A lone man walks a dog on an empty street, Tuesday, March 24, 2020, near apartments in Seattle’s Capitol Hill neighborhood. Washington Gov. Jay Inslee on Monday, March 23, 2020, ordered nonessential businesses to close and the state’s more than 7 million residents to stay home in efforts to slow the spread of the new coronavirus. The new coronavirus causes mild or moderate symptoms for most people, but for some, especially older adults and people with existing health problems, it can cause more severe illness or death. (AP Photo/Ted S. Warren)

COVID-19 lockdowns reduced the earth’s seismic noise by up to 50%

New study looked at seismic stations from 117 countries during the pandemic

It wasn’t long ago that COVID-19 forced hundreds of thousands around the world to self-isolate in their homes, bringing with it eerily empty streets, parks and other public spaces.

A new international study has found that social contact restrictions at the height of the global pandemic went so far to cause an unprecedented drop in noise.

Seventy international researchers reviewed seismic data from stations in 117 countries – including in Vancouver – and found that “seismic noise,” or vibrations generated by everyday human activity, dropped by as much as 50 per cent in March and April, according to the the study findings published in the journal Science.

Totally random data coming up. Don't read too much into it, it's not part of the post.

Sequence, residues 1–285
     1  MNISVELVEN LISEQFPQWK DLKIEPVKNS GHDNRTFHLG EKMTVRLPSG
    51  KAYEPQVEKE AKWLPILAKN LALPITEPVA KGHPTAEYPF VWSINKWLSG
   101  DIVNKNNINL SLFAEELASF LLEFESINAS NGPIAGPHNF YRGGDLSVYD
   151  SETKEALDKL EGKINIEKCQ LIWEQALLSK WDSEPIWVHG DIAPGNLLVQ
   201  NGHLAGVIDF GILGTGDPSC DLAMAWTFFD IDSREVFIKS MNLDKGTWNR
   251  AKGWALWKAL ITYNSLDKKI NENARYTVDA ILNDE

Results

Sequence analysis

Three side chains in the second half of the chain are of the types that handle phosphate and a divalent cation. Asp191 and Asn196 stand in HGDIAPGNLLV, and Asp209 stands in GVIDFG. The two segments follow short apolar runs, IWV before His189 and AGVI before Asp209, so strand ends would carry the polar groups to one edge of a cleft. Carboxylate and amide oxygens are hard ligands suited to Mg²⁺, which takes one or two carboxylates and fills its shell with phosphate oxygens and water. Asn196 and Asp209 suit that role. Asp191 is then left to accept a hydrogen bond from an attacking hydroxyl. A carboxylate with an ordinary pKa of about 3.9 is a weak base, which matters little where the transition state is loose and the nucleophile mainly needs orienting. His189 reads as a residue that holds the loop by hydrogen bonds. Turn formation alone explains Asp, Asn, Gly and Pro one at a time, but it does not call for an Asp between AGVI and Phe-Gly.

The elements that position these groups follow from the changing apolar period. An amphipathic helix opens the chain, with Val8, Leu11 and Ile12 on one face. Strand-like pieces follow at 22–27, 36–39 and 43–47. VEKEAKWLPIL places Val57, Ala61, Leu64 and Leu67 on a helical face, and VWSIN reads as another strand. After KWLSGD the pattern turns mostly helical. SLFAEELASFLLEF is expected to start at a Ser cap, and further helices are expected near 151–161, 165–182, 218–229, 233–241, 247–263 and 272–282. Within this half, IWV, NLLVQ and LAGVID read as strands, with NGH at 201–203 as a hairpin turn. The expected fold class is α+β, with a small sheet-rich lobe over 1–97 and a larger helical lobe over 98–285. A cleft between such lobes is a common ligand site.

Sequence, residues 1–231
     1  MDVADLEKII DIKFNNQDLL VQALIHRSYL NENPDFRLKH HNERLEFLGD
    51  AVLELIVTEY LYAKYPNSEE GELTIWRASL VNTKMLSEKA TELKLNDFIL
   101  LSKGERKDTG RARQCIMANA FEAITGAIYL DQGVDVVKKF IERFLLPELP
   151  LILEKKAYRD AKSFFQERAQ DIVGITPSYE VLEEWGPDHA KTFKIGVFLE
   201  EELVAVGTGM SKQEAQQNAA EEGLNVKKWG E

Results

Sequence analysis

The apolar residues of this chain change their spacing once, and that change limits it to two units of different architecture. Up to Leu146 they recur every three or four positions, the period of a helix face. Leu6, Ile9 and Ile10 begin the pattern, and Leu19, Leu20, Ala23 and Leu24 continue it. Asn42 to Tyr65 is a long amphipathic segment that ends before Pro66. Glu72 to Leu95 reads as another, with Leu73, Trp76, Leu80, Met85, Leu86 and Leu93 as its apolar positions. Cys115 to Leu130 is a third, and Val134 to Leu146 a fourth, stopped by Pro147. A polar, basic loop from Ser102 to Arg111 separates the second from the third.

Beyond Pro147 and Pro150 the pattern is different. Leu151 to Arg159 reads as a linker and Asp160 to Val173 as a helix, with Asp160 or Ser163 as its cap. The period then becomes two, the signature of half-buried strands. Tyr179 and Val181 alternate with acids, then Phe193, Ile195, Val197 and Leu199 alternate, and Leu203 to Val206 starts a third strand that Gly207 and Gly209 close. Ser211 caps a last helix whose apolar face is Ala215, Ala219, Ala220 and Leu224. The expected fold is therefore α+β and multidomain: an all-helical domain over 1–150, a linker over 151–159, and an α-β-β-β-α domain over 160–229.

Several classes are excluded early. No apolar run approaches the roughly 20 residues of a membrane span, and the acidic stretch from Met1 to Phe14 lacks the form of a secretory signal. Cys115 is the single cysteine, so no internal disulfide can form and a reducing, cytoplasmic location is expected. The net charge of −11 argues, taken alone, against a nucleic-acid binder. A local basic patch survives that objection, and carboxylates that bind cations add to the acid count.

The quiet period, which has been dubbed the “anthropause” was particularly noticeable in urban areas as vehicle traffic, cruise ships and even concerts and sports games were halted.

“Human activity is constantly driving a seismic buzz – everything from walking around, car traffic and industrial activities create unique seismic signatures in the subsurface. We noticed seismometerz all over the planet were much, much quieter as lockdown protocols rolled out,” explained Mika McKinnon, one of the study’s authors.

“Our interpretation is that the decrease in tourism, the reduction in commuting as more people work from home, and the travel restrictions all combined together limit how much seismic noise humans are generating.”

The research isn’t just a never-before-seen analysis of how human’s generate seismic noise but will also be able to help scientists better understand earthquakes, specifically how to differentiate between human-caused and natural seismic noises.

“Studying these smaller but widespread human-generated seismic noises is another tool for understanding our planet, but in this research it’s also a way to better understand people and how we’re all working together as we face this pandemic,” McKinnon said.

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